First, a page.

In Marvel movies, the J.A.R.V.I.S. system
pulls data from multiple sources to assist Ironman in various tasks. Closer to
home, defence engineers like Liu Lingyun, 29, are working to bring such
technology to life for our defence forces.
As a Development Manager at the Defence Science and Technology Agency (DSTA), she harnesses analytics and digital technology to design command and control systems for the Singapore Armed Forces (SAF). These systems integrate and extract valuable insights from vast amounts of complex information, so that military commanders can make swift and effective decisions.
Much like the systems she develops, her DSTA Scholarship journey has helped to simplify complex decisions and steered her towards a fulfilling career.
“After visiting the DSTA Scholarship booth at a career fair, I was intrigued by the contributions that engineers make to Singapore’s security and defence and decided to pursue a career in defence technology,” she explained.
Under the scholarship, she studied electrical and computer engineering at Cornell University, and completed a Master’s in Management Science and Engineering at Stanford University. To broaden her non-academic competencies, she interned at DSTA, where she experimented with fuel cell systems as an alternative power source for military IT equipment. She also gained business consulting experience at a shipping firm while completing her master’s degree.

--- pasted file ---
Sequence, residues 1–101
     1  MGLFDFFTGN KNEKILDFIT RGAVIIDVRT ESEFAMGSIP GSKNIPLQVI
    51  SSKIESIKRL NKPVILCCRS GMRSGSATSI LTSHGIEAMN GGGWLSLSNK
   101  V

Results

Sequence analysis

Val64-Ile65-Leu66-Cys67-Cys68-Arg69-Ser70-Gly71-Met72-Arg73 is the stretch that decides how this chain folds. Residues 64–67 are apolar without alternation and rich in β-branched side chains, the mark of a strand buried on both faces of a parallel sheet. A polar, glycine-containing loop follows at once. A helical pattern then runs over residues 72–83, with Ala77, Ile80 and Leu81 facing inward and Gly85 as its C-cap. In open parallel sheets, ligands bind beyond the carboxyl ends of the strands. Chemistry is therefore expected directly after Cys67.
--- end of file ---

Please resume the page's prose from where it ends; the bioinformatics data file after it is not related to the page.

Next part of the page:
After her studies, she began her career in 2011 as an engineer in DSTA’s Building and Infrastructure Programme Centre, designing power and electrical systems for SAF camps. She was also part of a DSTA team that enhanced and ensured a safe and reliable power supply for the 2012 National Day Parade sound and lighting systems.
“It was really eye-opening to work with various committees and agencies on a large-scale national event like the NDP. I was proud that we helped the performers put on a well-executed show that Singaporeans can look forward to each year,” she said.
A year later, Lingyun took up an opportunity to rotate within DSTA to the C4I Development Programme Centre, where she designed sense making systems that process data shared between government agencies and the SAF. These include systems that enable maritime agencies to profile and detect potential threats in advance; and help the Republic of Singapore Air Force (RSAF) commanders evaluate possible courses-of-action to optimize mission effectiveness. Now, she works on a cross-agency crisis information management system that leverages data analytics to help the Singapore Army and Home Team in their joint counter-terrorism efforts.
“In the course of my defence engineering career, I’ve been exposed to a diverse range of projects which have deepened my knowledge and skills across engineering domains. This culture of learning and innovation is encouraged at DSTA, and my colleagues and SAF partners are very open to sharing knowledge and experiences as well. It is rewarding to see our projects put into actual use, and to know that we have helped empower the SAF to be more capable,” she said.
Looking forward, her advice for budding engineers would be to stay innovative and resourceful. “Engineering problems of the future will be more complex and cross-domain. It is always good to look for inspiration and solutions outside of your field of expertise,” she reflected.